When people have difficulty communicating, they have difficulty accessing justice. This is the theme for the recently-established Connecting Ottawa/Connexion Ottawa network.
Spearheaded by South Ottawa Community Legal Services (SOCLS), Connecting Ottawa/Connexion Ottawa is comprised of over 42 community agencies across the city. Its goal is to better link agency clients with a communication-related impairment with legal information and services.
How it all began
SOCLS executive director Gary Stein and SOCLS office manager Chris Killoran recall that the network’s inception was about four years ago, with a Law Foundation of Ontario (LFO) request for proposal. The LFO was seeking an Ontario entity to design a local planning network that would connect agencies and LFO resources. The LFO selected three projects for basic funding, one of which was OCLS’s Connecting Ottawa proposal. In 2010, the LFO chose SOCLS to receive operational funding to implement their plans.
The new organization based its next steps on Ottawa’s unique demographics. Ottawa is linguistically diverse – more than 89,000 residents speak a non-official language at home, and the city is home to 69 mother tongues (the most common are Chinese, Arabic, Somali, Spanish, and Farsi).
Over 25,000 immigrants in the city are people with a vision impairment, and 15,000 have a speech-related disability. Furthermore, 37 per cent of Ottawa’s recent immigrants and 17 per cent of persons with disabilities have low incomes.
SOCLS and its partners recognized the need to increase access to justice for clients with communication-related impairments, such as language barriers, or hearing, vision, or speaking impairments. It also recognized the need to help agencies connect and locate resources.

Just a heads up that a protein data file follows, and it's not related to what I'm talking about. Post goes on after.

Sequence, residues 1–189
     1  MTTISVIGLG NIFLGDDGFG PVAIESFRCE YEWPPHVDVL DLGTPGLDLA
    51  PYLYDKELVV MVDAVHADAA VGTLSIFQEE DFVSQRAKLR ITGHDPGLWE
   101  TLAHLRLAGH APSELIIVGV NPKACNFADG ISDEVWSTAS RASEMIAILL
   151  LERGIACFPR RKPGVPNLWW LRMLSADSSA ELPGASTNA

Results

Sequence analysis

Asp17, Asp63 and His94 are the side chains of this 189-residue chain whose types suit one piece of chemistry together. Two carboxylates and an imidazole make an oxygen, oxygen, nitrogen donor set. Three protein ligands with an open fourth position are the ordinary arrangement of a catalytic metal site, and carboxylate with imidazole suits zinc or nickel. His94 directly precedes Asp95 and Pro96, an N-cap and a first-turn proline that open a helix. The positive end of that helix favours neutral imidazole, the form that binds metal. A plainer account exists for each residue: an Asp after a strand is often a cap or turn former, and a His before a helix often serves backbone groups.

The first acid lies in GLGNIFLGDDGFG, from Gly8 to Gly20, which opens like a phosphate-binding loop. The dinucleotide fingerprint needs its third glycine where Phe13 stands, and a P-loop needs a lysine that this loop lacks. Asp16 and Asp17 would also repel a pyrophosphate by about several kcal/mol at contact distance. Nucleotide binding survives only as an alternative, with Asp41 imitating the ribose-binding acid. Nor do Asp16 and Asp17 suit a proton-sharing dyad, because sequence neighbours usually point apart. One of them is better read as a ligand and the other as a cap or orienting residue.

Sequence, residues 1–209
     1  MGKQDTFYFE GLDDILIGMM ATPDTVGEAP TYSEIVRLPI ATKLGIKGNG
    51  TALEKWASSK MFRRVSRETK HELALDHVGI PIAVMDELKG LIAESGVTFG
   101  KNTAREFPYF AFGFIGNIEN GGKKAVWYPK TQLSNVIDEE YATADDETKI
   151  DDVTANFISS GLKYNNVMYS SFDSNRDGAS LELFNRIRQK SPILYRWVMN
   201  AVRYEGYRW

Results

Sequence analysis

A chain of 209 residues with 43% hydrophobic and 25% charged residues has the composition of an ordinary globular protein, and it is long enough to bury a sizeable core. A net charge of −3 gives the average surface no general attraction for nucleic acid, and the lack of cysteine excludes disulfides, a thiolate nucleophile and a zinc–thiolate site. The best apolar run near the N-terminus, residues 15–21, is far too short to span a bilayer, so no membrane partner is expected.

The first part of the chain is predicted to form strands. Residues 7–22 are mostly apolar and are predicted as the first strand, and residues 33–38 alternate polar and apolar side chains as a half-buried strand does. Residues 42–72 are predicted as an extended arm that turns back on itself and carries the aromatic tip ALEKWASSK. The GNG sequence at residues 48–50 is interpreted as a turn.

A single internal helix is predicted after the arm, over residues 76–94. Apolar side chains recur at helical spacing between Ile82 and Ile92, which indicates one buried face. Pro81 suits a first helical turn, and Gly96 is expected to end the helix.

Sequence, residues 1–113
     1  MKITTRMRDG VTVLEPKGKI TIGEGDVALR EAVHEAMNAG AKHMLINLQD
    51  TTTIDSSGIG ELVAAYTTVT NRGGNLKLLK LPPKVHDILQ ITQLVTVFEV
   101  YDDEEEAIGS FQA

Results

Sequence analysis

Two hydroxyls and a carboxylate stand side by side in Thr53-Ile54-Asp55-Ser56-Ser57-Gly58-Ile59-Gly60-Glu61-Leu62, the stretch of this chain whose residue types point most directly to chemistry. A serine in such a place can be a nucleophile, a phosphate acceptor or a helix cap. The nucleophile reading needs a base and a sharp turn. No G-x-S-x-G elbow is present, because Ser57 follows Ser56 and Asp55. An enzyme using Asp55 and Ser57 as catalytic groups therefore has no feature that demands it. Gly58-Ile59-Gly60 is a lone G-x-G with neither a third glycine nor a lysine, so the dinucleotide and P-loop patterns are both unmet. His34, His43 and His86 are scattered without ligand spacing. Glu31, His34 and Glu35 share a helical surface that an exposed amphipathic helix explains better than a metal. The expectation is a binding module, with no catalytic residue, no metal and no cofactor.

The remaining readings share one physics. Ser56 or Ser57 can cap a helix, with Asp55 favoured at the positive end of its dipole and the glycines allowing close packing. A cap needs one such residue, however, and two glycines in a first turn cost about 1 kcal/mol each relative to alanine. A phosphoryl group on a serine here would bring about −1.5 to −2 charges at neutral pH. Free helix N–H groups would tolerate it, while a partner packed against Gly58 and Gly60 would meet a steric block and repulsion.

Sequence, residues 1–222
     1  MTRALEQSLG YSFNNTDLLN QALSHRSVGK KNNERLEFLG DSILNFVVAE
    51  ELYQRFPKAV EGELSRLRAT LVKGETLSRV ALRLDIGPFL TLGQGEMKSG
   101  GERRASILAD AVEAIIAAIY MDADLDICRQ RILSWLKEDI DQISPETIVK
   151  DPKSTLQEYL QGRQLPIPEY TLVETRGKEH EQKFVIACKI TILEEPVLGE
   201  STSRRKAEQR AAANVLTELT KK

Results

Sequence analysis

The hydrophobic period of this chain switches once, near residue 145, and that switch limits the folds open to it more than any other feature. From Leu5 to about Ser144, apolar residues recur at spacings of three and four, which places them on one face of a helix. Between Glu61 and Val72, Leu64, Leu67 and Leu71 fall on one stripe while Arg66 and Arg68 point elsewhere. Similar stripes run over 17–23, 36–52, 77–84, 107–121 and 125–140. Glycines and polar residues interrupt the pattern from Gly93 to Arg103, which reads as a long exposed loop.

“We don’t need new organizations to fill this gap – we just need to better connect the ones that already exist,” explains Gary.
How it comes together
Two years ago, Legal Aid Ontario (LAO) provided additional funding to the project. SOCLS used it to hire a full-time coordinator, who created a Welcome to Connecting Ottawa website. The site links front-line community agency staff with connections and resources in the legal world, including assessment, information, and referrals for intake workers and counselors at the project’s partner agencies.
The project’s full-time lawyer and a social worker are available to consult with front-line community agency staff. They are only a phone call away from agencies across the city, and can keep regular office hours at different organizations when required.
In addition, Connecting Ottawa organized and trained a group of volunteer facilitators to support those clients who cannot physically get to another referral or intake point. These volunteers speak a huge number of languages – most are foreign-trained professionals who want to contribute and give back to their community. They assist the client in any way possible to get them to where they need to be.
The project has certainly made a splash across the city of Ottawa, and across Canada as a whole. Project delegates have already been invited to the Canadian Public Education conference in Toronto and the 2013 Metropolis conference in Ottawa.
As a one-of-a-kind project in Ontario, SOCLS hopes that Connecting Ottawa can serve as a model for other communities. As Chris puts it, “we’ve made the commitment to educate communities and organizations that want to know more, and help others develop their own model.”